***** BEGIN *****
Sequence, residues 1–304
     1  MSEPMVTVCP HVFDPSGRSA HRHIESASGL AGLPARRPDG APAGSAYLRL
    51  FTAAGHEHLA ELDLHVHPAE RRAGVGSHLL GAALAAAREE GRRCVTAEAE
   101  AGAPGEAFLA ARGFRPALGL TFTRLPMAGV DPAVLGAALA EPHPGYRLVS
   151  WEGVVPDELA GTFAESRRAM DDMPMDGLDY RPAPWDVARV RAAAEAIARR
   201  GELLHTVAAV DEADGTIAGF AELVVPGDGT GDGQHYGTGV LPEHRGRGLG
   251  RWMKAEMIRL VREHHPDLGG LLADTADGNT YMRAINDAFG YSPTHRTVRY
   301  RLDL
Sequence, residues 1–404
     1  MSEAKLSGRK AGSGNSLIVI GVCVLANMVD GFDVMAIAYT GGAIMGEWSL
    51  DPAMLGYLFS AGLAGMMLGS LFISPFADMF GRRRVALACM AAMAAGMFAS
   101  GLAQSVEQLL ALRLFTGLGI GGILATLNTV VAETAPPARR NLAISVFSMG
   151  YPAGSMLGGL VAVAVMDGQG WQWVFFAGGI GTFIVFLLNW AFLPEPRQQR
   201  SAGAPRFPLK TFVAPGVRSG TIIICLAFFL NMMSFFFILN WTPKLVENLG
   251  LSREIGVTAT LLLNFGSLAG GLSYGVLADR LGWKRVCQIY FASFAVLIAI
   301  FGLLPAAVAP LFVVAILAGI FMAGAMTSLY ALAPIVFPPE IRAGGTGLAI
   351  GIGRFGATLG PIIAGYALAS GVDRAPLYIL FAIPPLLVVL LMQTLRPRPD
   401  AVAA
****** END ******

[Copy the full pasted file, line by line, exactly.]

Sequence, residues 1–304
     1  MSEPMVTVCP HVFDPSGRSA HRHIESASGL AGLPARRPDG APAGSAYLRL
    51  FTAAGHEHLA ELDLHVHPAE RRAGVGSHLL GAALAAAREE GRRCVTAEAE
   101  AGAPGEAFLA ARGFRPALGL TFTRLPMAGV DPAVLGAALA EPHPGYRLVS
   151  WEGVVPDELA GTFAESRRAM DDMPMDGLDY RPAPWDVARV RAAAEAIARR
   201  GELLHTVAAV DEADGTIAGF AELVVPGDGT GDGQHYGTGV LPEHRGRGLG
   251  RWMKAEMIRL VREHHPDLGG LLADTADGNT YMRAINDAFG YSPTHRTVRY
   301  RLDL
Sequence, residues 1–404
     1  MSEAKLSGRK AGSGNSLIVI GVCVLANMVD GFDVMAIAYT GGAIMGEWSL
    51  DPAMLGYLFS AGLAGMMLGS LFISPFADMF GRRRVALACM AAMAAGMFAS
   101  GLAQSVEQLL ALRLFTGLGI GGILATLNTV VAETAPPARR NLAISVFSMG
   151  YPAGSMLGGL VAVAVMDGQG WQWVFFAGGI GTFIVFLLNW AFLPEPRQQR
   201  SAGAPRFPLK TFVAPGVRSG TIIICLAFFL NMMSFFFILN WTPKLVENLG
   251  LSREIGVTAT LLLNFGSLAG GLSYGVLADR LGWKRVCQIY FASFAVLIAI
   301  FGLLPAAVAP LFVVAILAGI FMAGAMTSLY ALAPIVFPPE IRAGGTGLAI
   351  GIGRFGATLG PIIAGYALAS GVDRAPLYIL FAIPPLLVVL LMQTLRPRPD
   401  AVAA